With the help of a United States Senator (Susan did an unrelated story on the him) who puts pressure on the Navy, they locate the Billings family, whose now deceased father Jeff was a gunner on Lt. Thomas' airplane. From a surviving letter by Jeff to his wife we hear the account of the crash and of Morang, a Filipino guerilla, who rescued two wounded crash survivors. Susan turns to Andrew for help because he still has connections to the Philippines where Lt. Thomas was last seen alive.

Putting past hard feelings over his breakup with Susan aside, Andrew manages to locate the elderly Morang whilst in the Philippines and sets up a video conference between him and Caroline. The story of the fate of Lt. Thomas, Morang says, is that he was badly wounded, but insisted his more seriously injured gunner, Jeff Billings, be evacuated first. When Lt. Thomas had recovered, he joined the Filipino guerillas and fought the Japanese deep behind enemy lines. During a patrol, Lt. Thomas was killed by a Japanese sniper while selflessly trying to rescue a little boy. Morang reveals he knows where Lt. Thomas's body is buried.

The U.S. Navy goes to the grave site and returns Lt. Thomas' remains and personal effects to the United States. Caroline is handed Neil's dog-tags, watch, and wallet, which contains her valentine to him, now faded, which he always carried close to his heart. In recognition of Lt. Thomas's bravery, courage, and meritorious service, he is to be posthumously awarded the Navy Cross, Silver Star and Purple Heart. On Valentine's Day Lt. Thomas's coffin is returned to Caroline at Union Station by the U.S. Navy with full military honors, conducted in front of well-wishers and TV cameras, with a tearful Caroline taking her last goodbyes from her beloved Neil to the sound of Taps. Caroline is cheered when Lucas and Susan begin a romantic relationship. The film ends with Caroline, who has found peace and closure, seeing that the rosebush Neil had planted long ago in their garden has a new single bloom, the first in a long time, signaling long-lasting love, as she remembers her romantic moments with Neil in the same garden, to the sound of Dream a Little Dream of Me playing on the radio.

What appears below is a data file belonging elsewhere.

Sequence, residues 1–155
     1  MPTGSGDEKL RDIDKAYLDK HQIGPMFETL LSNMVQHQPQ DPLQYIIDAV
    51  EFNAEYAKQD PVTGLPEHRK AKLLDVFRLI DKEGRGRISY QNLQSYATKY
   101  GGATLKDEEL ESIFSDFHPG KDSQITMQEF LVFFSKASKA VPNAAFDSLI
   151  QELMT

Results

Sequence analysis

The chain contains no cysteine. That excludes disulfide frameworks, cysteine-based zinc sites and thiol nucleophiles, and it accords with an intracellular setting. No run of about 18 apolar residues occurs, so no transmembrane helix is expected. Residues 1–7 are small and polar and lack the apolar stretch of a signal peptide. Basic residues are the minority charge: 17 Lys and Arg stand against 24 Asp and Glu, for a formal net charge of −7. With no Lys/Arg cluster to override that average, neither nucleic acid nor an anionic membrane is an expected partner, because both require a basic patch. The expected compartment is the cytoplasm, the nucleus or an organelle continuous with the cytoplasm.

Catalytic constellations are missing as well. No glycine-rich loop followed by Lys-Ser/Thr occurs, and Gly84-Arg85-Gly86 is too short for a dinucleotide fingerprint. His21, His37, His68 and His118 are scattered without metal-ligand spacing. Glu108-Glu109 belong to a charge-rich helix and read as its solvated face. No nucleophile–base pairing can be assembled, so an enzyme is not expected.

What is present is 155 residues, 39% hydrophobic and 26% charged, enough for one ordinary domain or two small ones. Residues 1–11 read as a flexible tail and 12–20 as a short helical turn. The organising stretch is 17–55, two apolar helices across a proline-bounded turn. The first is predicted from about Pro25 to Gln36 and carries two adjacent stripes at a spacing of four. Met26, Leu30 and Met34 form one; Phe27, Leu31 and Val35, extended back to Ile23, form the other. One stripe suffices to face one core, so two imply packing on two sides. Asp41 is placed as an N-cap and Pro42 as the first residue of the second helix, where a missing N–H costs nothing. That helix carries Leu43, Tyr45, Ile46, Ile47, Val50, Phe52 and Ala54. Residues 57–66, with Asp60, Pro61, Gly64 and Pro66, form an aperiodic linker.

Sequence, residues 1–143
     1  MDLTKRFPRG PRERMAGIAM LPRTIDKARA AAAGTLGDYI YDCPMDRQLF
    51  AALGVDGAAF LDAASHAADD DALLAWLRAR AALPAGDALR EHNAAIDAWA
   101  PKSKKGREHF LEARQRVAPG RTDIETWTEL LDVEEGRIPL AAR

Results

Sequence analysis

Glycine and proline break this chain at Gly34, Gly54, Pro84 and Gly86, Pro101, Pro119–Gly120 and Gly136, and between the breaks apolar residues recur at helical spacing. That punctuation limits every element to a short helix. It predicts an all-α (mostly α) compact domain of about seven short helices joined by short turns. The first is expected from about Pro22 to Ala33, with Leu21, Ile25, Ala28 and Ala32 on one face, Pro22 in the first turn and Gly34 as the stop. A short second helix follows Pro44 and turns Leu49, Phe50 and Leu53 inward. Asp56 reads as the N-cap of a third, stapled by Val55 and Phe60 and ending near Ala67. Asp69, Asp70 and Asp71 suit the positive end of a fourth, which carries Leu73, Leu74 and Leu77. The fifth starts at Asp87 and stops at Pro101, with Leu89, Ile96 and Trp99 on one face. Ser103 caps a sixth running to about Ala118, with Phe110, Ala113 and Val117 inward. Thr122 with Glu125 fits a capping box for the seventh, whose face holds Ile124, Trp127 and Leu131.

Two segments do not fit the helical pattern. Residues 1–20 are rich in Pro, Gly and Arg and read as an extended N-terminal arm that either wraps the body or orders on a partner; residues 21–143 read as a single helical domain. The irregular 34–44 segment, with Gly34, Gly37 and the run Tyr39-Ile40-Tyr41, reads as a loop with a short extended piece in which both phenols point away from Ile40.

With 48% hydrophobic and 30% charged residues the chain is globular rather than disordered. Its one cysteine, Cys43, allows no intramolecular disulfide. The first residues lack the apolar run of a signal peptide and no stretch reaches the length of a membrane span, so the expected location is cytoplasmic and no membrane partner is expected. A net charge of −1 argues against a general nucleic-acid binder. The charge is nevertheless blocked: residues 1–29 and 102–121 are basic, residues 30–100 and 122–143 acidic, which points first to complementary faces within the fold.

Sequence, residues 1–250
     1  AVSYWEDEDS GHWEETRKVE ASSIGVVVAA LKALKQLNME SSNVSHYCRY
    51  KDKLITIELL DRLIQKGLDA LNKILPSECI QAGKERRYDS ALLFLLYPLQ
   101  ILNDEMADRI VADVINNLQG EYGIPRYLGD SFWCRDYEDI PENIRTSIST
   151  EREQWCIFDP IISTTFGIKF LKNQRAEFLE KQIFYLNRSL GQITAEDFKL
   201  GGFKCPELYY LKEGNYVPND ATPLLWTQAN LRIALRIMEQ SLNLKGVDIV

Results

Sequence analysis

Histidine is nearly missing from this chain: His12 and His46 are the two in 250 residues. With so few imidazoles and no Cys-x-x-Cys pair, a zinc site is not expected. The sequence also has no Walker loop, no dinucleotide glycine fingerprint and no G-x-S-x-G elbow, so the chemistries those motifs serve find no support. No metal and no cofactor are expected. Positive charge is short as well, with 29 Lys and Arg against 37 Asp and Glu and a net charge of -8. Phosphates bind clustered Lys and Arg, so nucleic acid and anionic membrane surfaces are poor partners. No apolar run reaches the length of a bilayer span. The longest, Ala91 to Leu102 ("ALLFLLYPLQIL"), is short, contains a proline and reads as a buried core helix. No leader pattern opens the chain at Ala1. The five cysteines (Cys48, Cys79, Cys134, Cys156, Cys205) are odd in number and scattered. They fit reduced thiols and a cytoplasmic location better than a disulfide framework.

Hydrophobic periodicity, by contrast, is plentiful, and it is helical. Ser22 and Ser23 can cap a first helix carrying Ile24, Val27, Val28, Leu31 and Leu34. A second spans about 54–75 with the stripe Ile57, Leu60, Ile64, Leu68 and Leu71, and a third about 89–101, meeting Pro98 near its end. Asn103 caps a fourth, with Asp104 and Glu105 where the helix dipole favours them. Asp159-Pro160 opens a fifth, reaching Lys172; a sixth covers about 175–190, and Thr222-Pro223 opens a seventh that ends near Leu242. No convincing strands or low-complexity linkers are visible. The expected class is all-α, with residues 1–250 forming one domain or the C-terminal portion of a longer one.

Cast[edit]

Production[edit]

The teleplay was written by Maryann Ridini Spencer & Barton Taney. Spencer met the author of the book, James Michael Pratt, in 2001 and fell in love with the story line. Her screenplay based on the novel, ultimately resulted in a contract with Hallmark. Spencer is also co-producer of the project.

The producers did well in 'matching' young and old Caroline. White and Fahy's facial features, including expressive blue eyes, are similar in most respects, though it would appear Fahy is slightly taller than White.

Anachronisms[edit]

Three versions of the song Dream a Little Dream of Me are heard in the film: sung by the Mills Brothers, as a duet by Ella Fitzgerald and Louis Armstrong, and by Doris Day. The first two are 'out of time', as the Mills Brothers and the duet versions were set during the war, when in fact, the Mills Brothers version was recorded in 1964 and the duet in 1950.

DVD Release[edit]

The film aired on January 30, 2011 on CBS and was available to order from Hallmark after the film aired.

Reception[edit]

The film received a generally positive review from US Magazine, who said it was "Supercorny, though White tugs the heart".[1] The film was a huge success which not only won its time period in viewers (14.53 million, beating out Fox's second hour of coverage of the NFL Pro Bowl) but represented the most-watched Hallmark movie in four years (since the film Valley of Light aired in January 2007).[2]

References[edit]

  1. ^ Griffiths, John (January 18, 2011). "Review – The Lost Valentine". Us Magazine. Retrieved August 11, 2011. 
  2. ^ "Want TV ratings? Hire Betty White, CBS finds". BusinessWeek. February 1, 2011. Retrieved August 11, 2011. 

External links[edit]